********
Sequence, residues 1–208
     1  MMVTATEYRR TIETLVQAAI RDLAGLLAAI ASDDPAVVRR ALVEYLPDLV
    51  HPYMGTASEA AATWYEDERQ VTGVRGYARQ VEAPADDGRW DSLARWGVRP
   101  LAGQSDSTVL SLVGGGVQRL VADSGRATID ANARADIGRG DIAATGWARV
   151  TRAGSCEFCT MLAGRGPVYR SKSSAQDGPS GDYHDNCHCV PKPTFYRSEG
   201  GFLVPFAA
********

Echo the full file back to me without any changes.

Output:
Sequence, residues 1–208
     1  MMVTATEYRR TIETLVQAAI RDLAGLLAAI ASDDPAVVRR ALVEYLPDLV
    51  HPYMGTASEA AATWYEDERQ VTGVRGYARQ VEAPADDGRW DSLARWGVRP
   101  LAGQSDSTVL SLVGGGVQRL VADSGRATID ANARADIGRG DIAATGWARV
   151  TRAGSCEFCT MLAGRGPVYR SKSSAQDGPS GDYHDNCHCV PKPTFYRSEG
   201  GFLVPFAA